MAIB: Spun Bearing Led to Explosion and Fire
The UK's Marine Accident Investigation Branch (MAIB) has released its report into the engine failure and fire aboard the ro-ro ferry Wight Sky last September. According to the agency, the failure - which led to the injury of the Sky's engineer - may have been caused by the entry of debris into the engine during its installation.
In July and August 2017, the Sky's #2 main engine suffered a series of failures, beginning with an undiagnosed coolant loss problem. A contractor replaced cooled components as they failed, but the mysterious leak continued. Additional remedial steps resulted in engine damage, and operator Wightlink opted for a full rebuild.
The damaged engine was removed, and the contractor prepared a rebuilt unit for installation. Rather than remove the soft patch above the machinery space to lower in a complete, rebuilt engine, the service team delivered the rebuild's short block, cylinder head and sump pan separately in order to lower them through the emergency escape hatch. The escape hatch was too small to permit lowering the complete engine as a single unit, but passing components through it would be much faster than removing and reinstalling the soft patch, which would take 24 hours of labor.
The block and other parts were delivered on August 25, and were lowered into the engine room on August 29. Assembly was completed on September 4, but a damaged shaft coupling meant that it could not be connected up for a load test by the installers.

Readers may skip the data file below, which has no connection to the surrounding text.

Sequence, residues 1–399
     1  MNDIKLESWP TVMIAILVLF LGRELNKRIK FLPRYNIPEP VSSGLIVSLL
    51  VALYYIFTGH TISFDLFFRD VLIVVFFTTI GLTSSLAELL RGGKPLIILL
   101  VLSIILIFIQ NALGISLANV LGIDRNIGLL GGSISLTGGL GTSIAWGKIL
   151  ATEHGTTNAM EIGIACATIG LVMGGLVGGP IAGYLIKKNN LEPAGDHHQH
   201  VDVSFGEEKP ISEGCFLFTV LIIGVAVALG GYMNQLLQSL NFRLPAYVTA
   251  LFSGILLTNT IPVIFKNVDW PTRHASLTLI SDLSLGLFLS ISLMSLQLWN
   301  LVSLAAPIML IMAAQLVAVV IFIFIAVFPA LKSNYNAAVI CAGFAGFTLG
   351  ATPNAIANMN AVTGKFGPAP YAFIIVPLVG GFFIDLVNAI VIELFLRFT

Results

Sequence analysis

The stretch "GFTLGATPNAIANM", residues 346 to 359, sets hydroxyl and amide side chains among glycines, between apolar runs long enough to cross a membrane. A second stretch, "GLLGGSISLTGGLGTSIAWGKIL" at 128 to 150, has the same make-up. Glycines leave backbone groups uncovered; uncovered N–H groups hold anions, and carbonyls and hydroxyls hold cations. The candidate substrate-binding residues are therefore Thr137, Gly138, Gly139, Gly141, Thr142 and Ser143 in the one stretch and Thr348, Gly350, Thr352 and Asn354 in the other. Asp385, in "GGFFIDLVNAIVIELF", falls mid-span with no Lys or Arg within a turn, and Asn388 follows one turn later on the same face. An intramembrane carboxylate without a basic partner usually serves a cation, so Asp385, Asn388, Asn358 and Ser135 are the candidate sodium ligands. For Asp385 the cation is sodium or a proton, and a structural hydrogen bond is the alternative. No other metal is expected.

On the evening of September 12, the ferry was under way for the Isle of Wight when main engine #2 exploded and burned, five running hours after it had been rebuilt. The fire was brought under control within two minutes, minimizing damage to the rest of the vessel. However, the engineer was standing near the engine at the time of the blast, and though his boiler suit protected most of his body, he suffered severe burns to his hands and face. He was hospitalized for seven days, and was later diagnosed with post-traumatic stress disorder. According to MAIB, he has not returned to work.
During the post-accident investigation, an engineering team from the manufacturer inspected the engine to determine the probable cause of failure. They found that it had spun a bearing shell on main bairing #5, blocking the flow of lubricating oil to the crank pin for cylinder #4. The conn rod's big end seized on the crank pin, breaking the big end's bearing bolts. The rod then went through the wall of the crankcase and the lube oil gallery, leading to the explosion.
Hole in main engine #2's crankcase (MAIB)
An analysis of oil in the engine's filter found high quantities of particulate matter, including unusually large particles of 1mm or greater. MAIB indicated that this suggested "sudden and rapidly progressing wear-down" before the main bearing shells turned.
The manufacturer's team suggested that large debris may have entered the engine during the three days it was at the site and disassembled prior to installation. Debris in the engine's oil channels could have led to the loss of lubrication at the main bearing, followed by the bearing shells turning and the rest of the failure sequence. Assembling the engine in a clean area prior to transport and installation would have reduced the likelihood of contamination, the manufacturer noted.
MAIB noted two recent instances in which engines of the same make and model had suffered a comparable failure (spun main bearing shells and/or catastrophic damage). Had the engine model been fitted with a particle detector to sense accelerated wear, these casualties might have been averted, MAIB suggested.